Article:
path: root/arch/openrisc
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authorChris Down <chris@chrisdown.name>2021-06-15 17:52:53 +0100
committerPetr Mladek <pmladek@suse.com>2021-07-19 11:57:48 +0200
commit337015573718b161891a3473d25f59273f2e626b (patch)
treec8f8fc5bd550d64f26da382854a542a2e58e52e6 /arch/openrisc
parentf3d75cf537db57f7918a17a75527951de850e5ec (diff)
printk: Userspace format indexing support
We have a number of systems industry-wide that have a subset of their functionality that works as follows: 1. Receive a message from local kmsg, serial console, or netconsole; 2. Apply a set of rules to classify the message; 3. Do something based on this classification (like scheduling a remediation for the machine), rinse, and repeat. As a couple of examples of places we have this implemented just inside Facebook, although this isn't a Facebook-specific problem, we have this inside our netconsole processing (for alarm classification), and as part of our machine health checking. We use these messages to determine fairly important metrics around production health, and it's important that we get them right. While for some kinds of issues we have counters, tracepoints, or metrics with a stable interface which can reliably indicate the issue, in order to react to production issues quickly we need to work with the interface which most kernel developers naturally use when developing: printk. Most production issues come from unexpected phenomena, and as such usually the code in question doesn't have easily usable tracepoints or other counters available for the specific problem being mitigated. We have a number of lines of monitoring defence against problems in production (host metrics, process metrics, service metrics, etc), and where it's not feasible to reliably monitor at another level, this kind of pragmatic netconsole monitoring is essential. As one would expect, monitoring using printk is rather brittle for a number of reasons -- most notably that the message might disappear entirely in a new version of the kernel, or that the message may change in some way that the regex or other classification methods start to silently fail. One factor that makes this even harder is that, under normal operation, many of these messages are never expected to be hit. For example, there may be a rare hardware bug which one wants to detect if it was to ever happen again, but its recurrence is not likely or anticipated. This precludes using something like checking whether the printk in question was printed somewhere fleetwide recently to determine whether the message in question is still present or not, since we don't anticipate that it should be printed anywhere, but still need to monitor for its future presence in the long-term. This class of issue has happened on a number of occasions, causing unhealthy machines with hardware issues to remain in production for longer than ideal. As a recent example, some monitoring around blk_update_request fell out of date and caused semi-broken machines to remain in production for longer than would be desirable. Searching through the codebase to find the message is also extremely fragile, because many of the messages are further constructed beyond their callsite (eg. btrfs_printk and other module-specific wrappers, each with their own functionality). Even if they aren't, guessing the format and formulation of the underlying message based on the aesthetics of the message emitted is not a recipe for success at scale, and our previous issues with fleetwide machine health checking demonstrate as much. This provides a solution to the issue of silently changed or deleted printks: we record pointers to all printk format strings known at compile time into a new .printk_index section, both in vmlinux and modules. At runtime, this can then be iterated by looking at <debugfs>/printk/index/<module>, which emits the following format, both readable by humans and able to be parsed by machines: $ head -1 vmlinux; shuf -n 5 vmlinux # <level[,flags]> filename:line function "format" <5> block/blk-settings.c:661 disk_stack_limits "%s: Warning: Device %s is misaligned\n" <4> kernel/trace/trace.c:8296 trace_create_file "Could not create tracefs '%s' entry\n" <6> arch/x86/kernel/hpet.c:144 _hpet_print_config "hpet: %s(%d):\n" <6> init/do_mounts.c:605 prepare_namespace "Waiting for root device %s...\n" <6> drivers/acpi/osl.c:1410 acpi_no_auto_serialize_setup "ACPI: auto-serialization disabled\n" This mitigates the majority of cases where we have a highly-specific printk which we want to match on, as we can now enumerate and check whether the format changed or the printk callsite disappeared entirely in userspace. This allows us to catch changes to printks we monitor earlier and decide what to do about it before it becomes problematic. There is no additional runtime cost for printk callers or printk itself, and the assembly generated is exactly the same. Signed-off-by: Chris Down <chris@chrisdown.name> Cc: Petr Mladek <pmladek@suse.com> Cc: Jessica Yu <jeyu@kernel.org> Cc: Sergey Senozhatsky <sergey.senozhatsky@gmail.com> Cc: John Ogness <john.ogness@linutronix.de> Cc: Steven Rostedt <rostedt@goodmis.org> Cc: Greg Kroah-Hartman <gregkh@linuxfoundation.org> Cc: Johannes Weiner <hannes@cmpxchg.org> Cc: Kees Cook <keescook@chromium.org> Reviewed-by: Petr Mladek <pmladek@suse.com> Tested-by: Petr Mladek <pmladek@suse.com> Reported-by: kernel test robot <lkp@intel.com> Acked-by: Andy Shevchenko <andy.shevchenko@gmail.com> Acked-by: Jessica Yu <jeyu@kernel.org> # for module.{c,h} Signed-off-by: Petr Mladek <pmladek@suse.com> Link: https://lore.kernel.org/r/e42070983637ac5e384f17fbdbe86d19c7b212a5.1623775748.git.chris@chrisdown.name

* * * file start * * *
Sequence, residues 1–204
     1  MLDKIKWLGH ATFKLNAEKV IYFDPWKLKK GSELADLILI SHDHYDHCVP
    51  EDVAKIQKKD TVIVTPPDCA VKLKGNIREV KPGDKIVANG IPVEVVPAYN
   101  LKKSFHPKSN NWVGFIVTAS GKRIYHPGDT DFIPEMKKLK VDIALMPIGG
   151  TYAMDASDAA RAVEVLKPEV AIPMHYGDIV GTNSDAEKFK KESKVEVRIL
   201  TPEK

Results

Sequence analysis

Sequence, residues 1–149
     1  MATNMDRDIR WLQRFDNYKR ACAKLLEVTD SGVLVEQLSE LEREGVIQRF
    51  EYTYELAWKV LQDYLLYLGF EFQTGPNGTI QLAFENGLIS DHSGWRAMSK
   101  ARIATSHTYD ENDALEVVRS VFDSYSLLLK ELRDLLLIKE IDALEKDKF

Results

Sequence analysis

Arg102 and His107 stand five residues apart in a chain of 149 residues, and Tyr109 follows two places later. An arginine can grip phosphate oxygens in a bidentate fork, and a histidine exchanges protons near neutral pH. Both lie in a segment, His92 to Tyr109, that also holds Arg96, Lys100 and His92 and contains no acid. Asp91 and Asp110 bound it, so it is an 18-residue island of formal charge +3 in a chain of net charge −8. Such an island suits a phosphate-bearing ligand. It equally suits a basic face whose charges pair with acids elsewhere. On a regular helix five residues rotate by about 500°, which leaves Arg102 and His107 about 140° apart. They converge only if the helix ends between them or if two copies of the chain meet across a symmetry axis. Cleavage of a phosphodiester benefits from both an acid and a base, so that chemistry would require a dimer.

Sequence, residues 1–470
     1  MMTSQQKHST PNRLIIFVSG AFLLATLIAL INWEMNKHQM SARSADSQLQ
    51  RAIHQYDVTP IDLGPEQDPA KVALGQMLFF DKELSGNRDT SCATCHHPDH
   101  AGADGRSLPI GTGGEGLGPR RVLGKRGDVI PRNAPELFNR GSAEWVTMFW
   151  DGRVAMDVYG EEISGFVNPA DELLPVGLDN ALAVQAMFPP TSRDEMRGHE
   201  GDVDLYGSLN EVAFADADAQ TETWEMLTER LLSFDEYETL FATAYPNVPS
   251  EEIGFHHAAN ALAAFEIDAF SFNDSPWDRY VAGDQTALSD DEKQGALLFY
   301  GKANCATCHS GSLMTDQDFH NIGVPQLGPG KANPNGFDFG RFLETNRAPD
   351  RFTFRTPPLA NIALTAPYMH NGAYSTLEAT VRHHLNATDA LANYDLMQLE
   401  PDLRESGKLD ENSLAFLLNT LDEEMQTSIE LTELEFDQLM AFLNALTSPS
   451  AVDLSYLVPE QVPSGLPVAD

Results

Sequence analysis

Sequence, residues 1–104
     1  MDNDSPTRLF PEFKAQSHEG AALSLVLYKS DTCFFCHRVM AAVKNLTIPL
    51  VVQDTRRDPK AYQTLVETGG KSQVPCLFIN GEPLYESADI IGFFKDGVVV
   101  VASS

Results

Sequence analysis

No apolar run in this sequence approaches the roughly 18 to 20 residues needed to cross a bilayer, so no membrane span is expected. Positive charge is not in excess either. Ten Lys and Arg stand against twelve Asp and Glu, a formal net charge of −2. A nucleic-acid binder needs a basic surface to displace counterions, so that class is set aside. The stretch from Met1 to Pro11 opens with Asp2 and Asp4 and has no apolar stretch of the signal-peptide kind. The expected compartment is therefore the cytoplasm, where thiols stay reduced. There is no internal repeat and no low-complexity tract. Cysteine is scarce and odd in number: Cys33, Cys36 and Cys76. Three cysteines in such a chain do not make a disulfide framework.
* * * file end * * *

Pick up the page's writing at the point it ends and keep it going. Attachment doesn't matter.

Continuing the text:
Diffstat (limited to 'arch/openrisc')
1 files changed, 3 insertions, 3 deletions
diff --git a/arch/openrisc/kernel/entry.S b/arch/openrisc/kernel/entry.S
index bc657e55c15f..947613f61d4a 100644
--- a/arch/openrisc/kernel/entry.S
+++ b/arch/openrisc/kernel/entry.S
@@ -551,7 +551,7 @@ EXCEPTION_ENTRY(_external_irq_handler)
l.movhi r3,hi(42f)
l.ori r3,r3,lo(42f)
l.sw 0x0(r1),r3
- l.jal printk
+ l.jal _printk
l.sw 0x4(r1),r4
l.addi r1,r1,0x8
@@ -681,8 +681,8 @@ _syscall_debug:
l.sw -4(r1),r27
l.sw -8(r1),r11
l.addi r1,r1,-8
- l.movhi r27,hi(printk)
- l.ori r27,r27,lo(printk)
+ l.movhi r27,hi(_printk)
+ l.ori r27,r27,lo(_printk)
l.jalr r27
l.addi r1,r1,8